New Senate bill would repeal RFS 

Source: Amanda Peterka, E&E reporter • Posted: Wednesday, June 17, 2015

Louisiana Sen. Bill Cassidy (R) yesterday introduced legislation to repeal the federal renewable fuel standard, which Congress passed in 2007 to encourage greater use of corn ethanol and advanced biofuels.

In a statement, Cassidy alleged that the standard has driven up costs for “producers, refiners, farmers and families.” He blamed U.S. EPA for mismanaging its implementation.

“American energy production is increasing and fuel efficient technologies are improving,” he said in a statement. “Our workers need policies that help move our energy, farming and manufacturing industries forward — that starts by repealing the RFS.”

Rep. Bob Goodlatte (R-Va.) has already introduced legislation in the lower chamber to repeal the RFS.

The introduction of the two-page legislation in the Senate comes as EPA takes comments on a recent proposal to set refiners’ volumes for 2014, 2015 and 2016, as well as the biodiesel mandate for 2017. The proposal has pleased few stakeholders; biofuel producers argue that it undercuts their industry, while RFS critics say it sets the mandates too high.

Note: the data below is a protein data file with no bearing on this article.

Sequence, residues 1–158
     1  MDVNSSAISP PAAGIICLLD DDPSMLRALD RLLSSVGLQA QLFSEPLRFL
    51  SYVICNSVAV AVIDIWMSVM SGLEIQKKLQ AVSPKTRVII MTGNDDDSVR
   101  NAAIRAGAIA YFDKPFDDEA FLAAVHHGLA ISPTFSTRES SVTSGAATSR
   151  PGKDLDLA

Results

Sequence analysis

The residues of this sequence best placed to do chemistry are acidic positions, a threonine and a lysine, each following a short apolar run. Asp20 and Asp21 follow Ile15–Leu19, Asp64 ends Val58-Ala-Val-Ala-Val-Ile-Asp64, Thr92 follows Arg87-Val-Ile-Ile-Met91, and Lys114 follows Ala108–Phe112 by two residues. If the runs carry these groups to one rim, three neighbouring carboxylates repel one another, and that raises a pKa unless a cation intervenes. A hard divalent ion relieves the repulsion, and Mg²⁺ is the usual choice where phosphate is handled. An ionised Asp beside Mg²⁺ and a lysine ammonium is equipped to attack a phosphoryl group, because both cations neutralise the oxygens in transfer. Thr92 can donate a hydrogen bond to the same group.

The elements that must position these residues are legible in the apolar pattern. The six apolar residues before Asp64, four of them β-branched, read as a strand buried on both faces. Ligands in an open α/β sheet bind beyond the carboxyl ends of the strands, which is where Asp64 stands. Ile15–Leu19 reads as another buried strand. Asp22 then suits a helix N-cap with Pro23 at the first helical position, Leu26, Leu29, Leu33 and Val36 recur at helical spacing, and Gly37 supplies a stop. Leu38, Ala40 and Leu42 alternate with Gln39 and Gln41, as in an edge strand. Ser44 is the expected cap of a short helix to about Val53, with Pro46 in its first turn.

Opponents of ethanol have rallied around the recent proposal, repeating their calls for repeal of the RFS. Shortly after Cassidy released details about his repeal bill, the American Energy Alliance issued a statement urging other senators to co-sponsor the bill.

“Anything short of full repeal is a step in the wrong direction,” Tom Pyle, president of the American Energy Alliance, said in the statement.

The Senate bill is also supported by American Fuel & Petrochemical Manufacturers, the American Sportfishing Association, the Milk Producers Council, and the National Council of Chain Restaurants, among others.

On the House side, five lawmakers have jumped on to support Goodlatte’s repeal bill since EPA released its proposal, bringing the total number of co-sponsors there up to 67.

Most biofuel trade organizations have called on Congress to retain the current renewable fuel standard and have blamed EPA for any problems with the program.